Home sweet home

There’s a lot of truth in the idea that you don’t know what you have until it’s gone (or in this case, an ocean away).

England is like a new place and it’s hard to understand why no one else is giggling at all the details. My town looks so English. Our currency is beautiful. The weight of a pound coin in my hand, the accent, the familiar orange of a train ticket; I want to bundle all these up and never forget them.

I know where everything is here, I turn down streets and I know what I will find. There’s something immensely comforting in that.

And of course seeing the people I love again is best of all.

When I was asked what was most different about being home, it’s that the sky is free of towering buildings, and the people walk slowly.  Supermarkets delight me, and pedestrians, and roads that are exactly the right size.

It wasn’t all sunshine and roses coming back; I had pretty horrible jetlag and I still wake up not knowing exactly where I am. But I’m very glad to be home.


Changing my mind

Before I left for my six month trip, I was incredibly excited. I’d been reading a lot of travel blogs and wondered whether I, too, was cut out for a nomadic lifestyle; moving from place to place for long periods of time. Spoiler: I’m not.

I had (and still have) dozens of niche career ideas that lit me up. See: sailor, trapeze artist, adventure sports guide, etc. Many of the things I thought that I could do or be have been discounted. They’re just not right for me. It’s been interesting to discover this, and luckily I have enough of these ideas that some getting rejected doesn’t leave me bereft of identity.

Spending time travelling alone made it much easier to see the things I really value, believe in and enjoy – even and especially when this involved changing my mind.

But given that my optimum length for a trip like this is actually more like four or five months, tops, why didn’t I just come home early?

Honestly, I really only considered it once. Even though the last few weeks were hard, I felt like I learnt more accurately that six months, for me, was too long. If I’d have left after 4, I might have always wondered. Plus there really weren’t any of the places I decided to visit that I would have been happy missing. I wanted to be excited about returning home, rather than sad that this adventure was ending, and I am.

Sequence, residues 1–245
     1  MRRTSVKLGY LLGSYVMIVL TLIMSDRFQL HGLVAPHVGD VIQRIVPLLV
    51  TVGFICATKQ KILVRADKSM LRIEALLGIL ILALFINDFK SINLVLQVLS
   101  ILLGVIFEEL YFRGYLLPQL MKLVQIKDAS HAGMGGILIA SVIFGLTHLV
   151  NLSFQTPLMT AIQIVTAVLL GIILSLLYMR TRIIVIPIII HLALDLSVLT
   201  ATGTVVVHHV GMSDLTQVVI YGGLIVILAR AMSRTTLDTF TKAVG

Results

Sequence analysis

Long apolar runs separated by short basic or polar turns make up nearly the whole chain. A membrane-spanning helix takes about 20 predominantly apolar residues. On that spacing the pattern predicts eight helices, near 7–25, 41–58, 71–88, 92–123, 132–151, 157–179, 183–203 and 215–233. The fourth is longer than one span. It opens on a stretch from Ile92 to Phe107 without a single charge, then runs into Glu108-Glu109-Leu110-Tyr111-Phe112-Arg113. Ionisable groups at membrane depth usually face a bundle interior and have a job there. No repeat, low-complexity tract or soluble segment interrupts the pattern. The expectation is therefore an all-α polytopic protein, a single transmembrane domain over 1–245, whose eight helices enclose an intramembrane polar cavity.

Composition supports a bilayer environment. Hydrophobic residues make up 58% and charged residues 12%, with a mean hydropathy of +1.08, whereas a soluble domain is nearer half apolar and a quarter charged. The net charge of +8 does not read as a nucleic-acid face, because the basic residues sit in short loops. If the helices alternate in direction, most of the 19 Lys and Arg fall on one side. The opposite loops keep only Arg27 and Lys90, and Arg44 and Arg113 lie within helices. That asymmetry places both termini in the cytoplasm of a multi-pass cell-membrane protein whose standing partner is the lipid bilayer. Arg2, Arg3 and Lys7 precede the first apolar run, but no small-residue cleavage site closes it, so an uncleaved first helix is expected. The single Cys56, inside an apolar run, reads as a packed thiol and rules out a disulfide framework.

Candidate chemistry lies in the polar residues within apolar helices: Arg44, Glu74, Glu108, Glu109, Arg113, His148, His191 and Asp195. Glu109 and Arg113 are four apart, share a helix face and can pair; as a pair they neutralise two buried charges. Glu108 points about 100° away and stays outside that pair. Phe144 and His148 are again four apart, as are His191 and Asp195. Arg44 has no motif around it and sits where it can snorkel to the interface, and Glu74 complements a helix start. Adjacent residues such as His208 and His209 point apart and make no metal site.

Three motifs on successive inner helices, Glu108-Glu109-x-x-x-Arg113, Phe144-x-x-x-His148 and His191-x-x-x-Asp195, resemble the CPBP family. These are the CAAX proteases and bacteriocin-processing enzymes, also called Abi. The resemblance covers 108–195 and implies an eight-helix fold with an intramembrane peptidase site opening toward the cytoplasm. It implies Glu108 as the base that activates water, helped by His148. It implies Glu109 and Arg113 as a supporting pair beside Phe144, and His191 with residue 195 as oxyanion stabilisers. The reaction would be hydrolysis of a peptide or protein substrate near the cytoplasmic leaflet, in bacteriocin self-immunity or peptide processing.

On balance, my missing home wasn’t going to detract from the experience as much as leaving would. The reason the trip was so long in the first place was because there was so much I wanted to see. And I’m completely glad I got to see it.

As wonderful as travelling has been, I now know that I absolutely couldn’t do this indefinitely. Homesickness, which still seems to me childish, nevertheless means that to be happy, I want to stick in one place. At least for a few years at a time.

I also firmly reject the idea that to travel (whether short term 8f long term) makes you better (any changes it brings are due to trying and to enjoying different perspectives, rather than travel in and of itself). While I really enjoy it (at least for sub-6 month stints), I appreciate that it’s not for everyone. This came about from meeting a rather snobbish professional travel blogger and realising to my distress that I used to share some of his views.

That’s what it’s all about though, I think, trying enough things to actually know what you think. To allow yourself to change your mind.

Englishness and abroad

Sometimes I feel like I’m getting more and more English the longer I’m away. The one thing I consistently miss is a vague bundle of stereotypically English characteristics; a sense of order and respect for punctuality, politeness and humour, honesty.

The time thing is well documented and so I was in someway prepared for it. But I can remember turning up for an 11am bus at 10:30am (eager gringo!) and other passengers laughing at my mistake. The bus left after noon.

On tours especially, no-one ever seems to have any idea about what is going to happen next, or for how long we will stay anywhere. How can you not want to know?

The method of selling is one that particularly grates on me – taxi drivers, shop assistants, restaurant staff, all delight in harrassing tourists as soon as they arrive at any big bus terminal. Simple browsing is not permitted; if you’re lucky the shopkeeper will only follow you around in silence. And it’s even okay to start rubbing oil onto sunbathers to sell a massage – regardless of whether they protest.

Since personal space shrinks in Latin America, queuing on top of someone else is considered acceptable. Pushing past is too. A cashier on the phone should be interrupted if you ever want to buy a ticket.

It’s uncomfortable adapting to these social norms, and it’s given me a new appreciation for the English. But I came away to see something different, and this is definitely different!

On a slightly happier note, here’s some more photos of beautiful Costa Rica…